“It’s time to #Care4Carers by ensuring protective equipment, biosafety protocols, testing and training for hospital staff. We stop #COVID19 by taking care of each other.” With this tweet, the week of action in support of hospital personnel in the Americas begins today, with the participation of unions from more than 10 countries in the region. Trade unionists from across the region continue their advocacy work so that workers facing COVID19 on the front lines not only have access to the necessary personal protection equipment, but also see their labour rights protected.

“In a context of global crisis, as trade unionists in our region we must be vigilant to avoid layoffs of health workers, ensure adequate payment of hazard bonuses and continue to fight for the rights that hospital staff need to be able to rest and recover before returning to work,” said Marcio Mozone, Regional Secretary of UNI Americas.

Since the coronavirus pandemic began, UNI Global Union has repeatedly demanded protection for frontline workers in the health care industry. Last March, UNI Global Union General Secretary Christy Hoffman sent a letter to WHO General Director Dr Tedros Adhanom Ghebreyesus, demanding better WHO guidelines for home care workers.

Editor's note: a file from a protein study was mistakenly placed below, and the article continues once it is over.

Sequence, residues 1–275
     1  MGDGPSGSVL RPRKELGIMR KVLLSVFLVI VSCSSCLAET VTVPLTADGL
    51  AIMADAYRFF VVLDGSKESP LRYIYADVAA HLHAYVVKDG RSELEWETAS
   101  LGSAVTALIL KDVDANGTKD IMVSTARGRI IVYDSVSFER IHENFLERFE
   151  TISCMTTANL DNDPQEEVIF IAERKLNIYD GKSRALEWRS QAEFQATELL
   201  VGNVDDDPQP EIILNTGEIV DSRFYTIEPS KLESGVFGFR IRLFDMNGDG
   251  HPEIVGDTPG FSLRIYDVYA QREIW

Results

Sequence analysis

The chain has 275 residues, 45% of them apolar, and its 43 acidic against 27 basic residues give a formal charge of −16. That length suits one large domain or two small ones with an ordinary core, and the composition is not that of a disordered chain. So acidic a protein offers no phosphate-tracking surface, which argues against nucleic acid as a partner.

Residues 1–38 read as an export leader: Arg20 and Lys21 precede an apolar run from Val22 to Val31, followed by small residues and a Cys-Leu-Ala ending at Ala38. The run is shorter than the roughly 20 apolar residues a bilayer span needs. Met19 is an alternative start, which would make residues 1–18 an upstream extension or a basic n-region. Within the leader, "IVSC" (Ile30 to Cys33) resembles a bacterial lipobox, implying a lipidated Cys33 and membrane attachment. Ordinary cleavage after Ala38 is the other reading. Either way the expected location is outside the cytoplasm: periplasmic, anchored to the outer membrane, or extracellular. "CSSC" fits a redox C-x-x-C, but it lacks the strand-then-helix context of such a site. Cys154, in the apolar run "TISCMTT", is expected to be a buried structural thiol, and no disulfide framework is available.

Miguel Ángel Zubieta, UNI Care global president said: “This pandemic that shakes the world finds health workers fighting hard against Covid19. Their safety is everyone’s safety. Unions demand that protocols are followed and that no health worker take risks due to the absence of protective equipment”. 

“We also demand that they have full rights to unionization and collective bargaining, because this immense crisis demonstrated that where workers are organized there is greater capacity to face this unprecedented situation. Unions are saving lives, the lives of workers and patients. Let’s remember this when this crisis is over”, he concluded.

Health employers around the world have a duty to protect some of the most vulnerable members of society from COVID-19. But as the World Health Organization has already warned, the growing and severe disruption in the global supply of personal protective equipment (PPE), caused by increased demand, hoarding and misuse, is putting them at risk. As governments struggle to equip health workers, trade unions are increasingly pushing to keep workers safe and save lives.



UNI Americas